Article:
A company controlled by the conservative Koch brothers violated city law by dumping a block-long mountain of petroleum coke alongside the Detroit River without obtaining the proper permits, some city officials charged today.
Detroit City Council is considering a lawsuit to force Koch Carbon to remove a three-story pile of high-sulfur, high-carbon waste that is growing by the day. The petroleum byproduct is often sold overseas, where it’s burned as fuel.
The waste, which comes from the adjacent refinery at Marathon Petroleum, was placed there by a company controlled by Charles and David Koch, wealthy conservatives who have denied the science of climate change.
“There has been no permit to the people,” Councilwoman JoAnn Watson said today, citing ordinances that require council approval before dumping the potentially hazardous material alongside the river.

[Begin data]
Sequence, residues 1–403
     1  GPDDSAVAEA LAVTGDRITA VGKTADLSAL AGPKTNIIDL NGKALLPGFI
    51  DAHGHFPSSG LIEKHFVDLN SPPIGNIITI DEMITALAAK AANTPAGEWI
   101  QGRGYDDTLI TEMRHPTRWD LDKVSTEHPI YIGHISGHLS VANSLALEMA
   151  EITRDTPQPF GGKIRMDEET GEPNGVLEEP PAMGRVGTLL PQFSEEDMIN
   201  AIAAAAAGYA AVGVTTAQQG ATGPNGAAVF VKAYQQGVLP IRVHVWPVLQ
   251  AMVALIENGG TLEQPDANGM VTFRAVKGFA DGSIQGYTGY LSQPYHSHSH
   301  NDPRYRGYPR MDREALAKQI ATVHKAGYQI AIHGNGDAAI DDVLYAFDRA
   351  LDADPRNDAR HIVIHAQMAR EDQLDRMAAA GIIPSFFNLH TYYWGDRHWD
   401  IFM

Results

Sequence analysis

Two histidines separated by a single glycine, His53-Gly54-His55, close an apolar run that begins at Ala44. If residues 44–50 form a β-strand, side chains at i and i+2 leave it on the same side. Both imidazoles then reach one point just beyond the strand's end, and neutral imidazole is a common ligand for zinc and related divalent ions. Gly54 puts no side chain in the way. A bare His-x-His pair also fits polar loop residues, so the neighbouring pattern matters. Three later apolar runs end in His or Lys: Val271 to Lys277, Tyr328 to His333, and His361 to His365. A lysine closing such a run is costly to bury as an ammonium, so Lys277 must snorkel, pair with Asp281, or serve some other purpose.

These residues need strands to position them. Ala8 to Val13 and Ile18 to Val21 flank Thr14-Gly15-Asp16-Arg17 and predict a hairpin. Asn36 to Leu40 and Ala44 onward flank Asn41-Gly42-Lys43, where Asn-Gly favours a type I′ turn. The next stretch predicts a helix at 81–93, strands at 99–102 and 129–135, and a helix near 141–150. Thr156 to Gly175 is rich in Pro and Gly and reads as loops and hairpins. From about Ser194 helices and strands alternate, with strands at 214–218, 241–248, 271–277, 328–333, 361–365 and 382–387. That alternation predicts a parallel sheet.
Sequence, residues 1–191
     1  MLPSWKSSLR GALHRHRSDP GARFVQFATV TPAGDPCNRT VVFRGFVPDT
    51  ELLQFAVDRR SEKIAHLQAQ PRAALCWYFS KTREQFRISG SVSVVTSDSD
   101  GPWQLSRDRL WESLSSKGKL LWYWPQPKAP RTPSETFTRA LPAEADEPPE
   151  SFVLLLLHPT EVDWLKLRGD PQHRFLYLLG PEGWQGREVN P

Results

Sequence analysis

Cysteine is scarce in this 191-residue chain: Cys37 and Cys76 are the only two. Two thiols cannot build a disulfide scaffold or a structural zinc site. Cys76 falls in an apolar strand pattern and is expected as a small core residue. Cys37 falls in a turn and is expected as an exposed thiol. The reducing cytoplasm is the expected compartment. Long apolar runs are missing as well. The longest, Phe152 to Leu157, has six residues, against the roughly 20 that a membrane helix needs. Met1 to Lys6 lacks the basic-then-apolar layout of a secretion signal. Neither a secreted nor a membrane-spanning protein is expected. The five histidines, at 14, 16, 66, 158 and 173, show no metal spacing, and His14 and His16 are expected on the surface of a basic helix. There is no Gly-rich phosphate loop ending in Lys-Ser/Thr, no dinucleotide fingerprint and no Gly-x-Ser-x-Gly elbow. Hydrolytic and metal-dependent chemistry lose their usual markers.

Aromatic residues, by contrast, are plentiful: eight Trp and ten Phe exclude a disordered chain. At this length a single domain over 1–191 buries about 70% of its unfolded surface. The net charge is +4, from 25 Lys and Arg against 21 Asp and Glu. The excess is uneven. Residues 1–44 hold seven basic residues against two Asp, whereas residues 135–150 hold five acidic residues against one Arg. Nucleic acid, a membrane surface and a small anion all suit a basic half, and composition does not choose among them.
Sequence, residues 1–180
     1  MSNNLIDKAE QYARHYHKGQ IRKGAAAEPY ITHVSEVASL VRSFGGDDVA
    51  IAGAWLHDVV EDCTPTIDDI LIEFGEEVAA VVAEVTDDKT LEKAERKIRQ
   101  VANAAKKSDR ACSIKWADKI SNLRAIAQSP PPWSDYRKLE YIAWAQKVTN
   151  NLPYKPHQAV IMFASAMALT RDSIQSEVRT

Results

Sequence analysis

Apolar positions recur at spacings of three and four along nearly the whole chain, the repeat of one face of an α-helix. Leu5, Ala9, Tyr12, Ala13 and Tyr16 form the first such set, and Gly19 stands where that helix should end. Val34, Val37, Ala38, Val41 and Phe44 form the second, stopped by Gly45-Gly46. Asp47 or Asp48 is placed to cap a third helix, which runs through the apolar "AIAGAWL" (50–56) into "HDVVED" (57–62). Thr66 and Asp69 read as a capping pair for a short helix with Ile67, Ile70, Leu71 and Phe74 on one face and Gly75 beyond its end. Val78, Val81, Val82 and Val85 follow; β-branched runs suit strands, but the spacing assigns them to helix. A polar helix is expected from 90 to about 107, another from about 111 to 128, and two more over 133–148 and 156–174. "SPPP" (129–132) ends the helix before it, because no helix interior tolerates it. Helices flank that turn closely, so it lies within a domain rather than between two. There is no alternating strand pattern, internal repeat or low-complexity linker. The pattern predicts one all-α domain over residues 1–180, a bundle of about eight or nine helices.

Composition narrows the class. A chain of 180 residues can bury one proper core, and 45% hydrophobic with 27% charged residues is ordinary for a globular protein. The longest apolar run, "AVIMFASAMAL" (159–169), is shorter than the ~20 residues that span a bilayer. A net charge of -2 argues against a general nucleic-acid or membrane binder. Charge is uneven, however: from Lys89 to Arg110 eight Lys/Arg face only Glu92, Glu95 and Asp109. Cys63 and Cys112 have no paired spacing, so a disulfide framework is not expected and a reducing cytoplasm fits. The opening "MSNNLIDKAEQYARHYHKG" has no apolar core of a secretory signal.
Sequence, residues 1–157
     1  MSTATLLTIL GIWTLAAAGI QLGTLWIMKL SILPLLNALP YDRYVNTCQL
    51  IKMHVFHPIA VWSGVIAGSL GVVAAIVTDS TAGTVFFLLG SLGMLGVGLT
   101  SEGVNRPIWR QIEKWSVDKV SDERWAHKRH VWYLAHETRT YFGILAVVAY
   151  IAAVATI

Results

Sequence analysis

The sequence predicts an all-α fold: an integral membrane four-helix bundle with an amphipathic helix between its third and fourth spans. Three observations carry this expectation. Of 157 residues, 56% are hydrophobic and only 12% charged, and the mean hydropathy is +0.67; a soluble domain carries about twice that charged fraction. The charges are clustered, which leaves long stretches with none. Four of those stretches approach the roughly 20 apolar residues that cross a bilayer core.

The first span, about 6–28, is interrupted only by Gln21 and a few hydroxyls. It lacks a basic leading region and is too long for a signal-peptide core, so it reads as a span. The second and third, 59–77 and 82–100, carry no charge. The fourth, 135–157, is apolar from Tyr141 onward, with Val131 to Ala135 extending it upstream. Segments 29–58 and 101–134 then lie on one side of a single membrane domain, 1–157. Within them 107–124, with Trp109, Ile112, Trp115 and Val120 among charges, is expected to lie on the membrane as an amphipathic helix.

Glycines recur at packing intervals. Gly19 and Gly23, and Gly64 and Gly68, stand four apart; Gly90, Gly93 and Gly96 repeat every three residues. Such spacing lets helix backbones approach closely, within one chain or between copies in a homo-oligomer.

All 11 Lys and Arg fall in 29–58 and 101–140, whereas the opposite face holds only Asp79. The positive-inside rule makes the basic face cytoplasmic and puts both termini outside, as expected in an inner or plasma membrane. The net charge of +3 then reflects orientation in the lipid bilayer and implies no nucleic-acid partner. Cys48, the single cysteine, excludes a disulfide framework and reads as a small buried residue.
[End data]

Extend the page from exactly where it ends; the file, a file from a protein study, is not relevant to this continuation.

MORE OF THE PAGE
City attorneys are unsure whether there is a case because federal law may allow the Koch brothers to bypass city ordinances.
“Then we need to address the broken law, and I think that’s grounds enough for litigation,” Watson responded.
Other council members agreed to explore the issue.
But winning a lawsuit – let alone filing one – may be difficult. While the council may vote to file a lawsuit, new Emergency Manager Kevyn Orr has the authority to block it.
Additional reporting by Abigail Shah.
Steve Neavling lives and works in Detroit as an investigative journalist. His stories have uncovered corruption, led to arrests and reforms and prompted FBI investigations.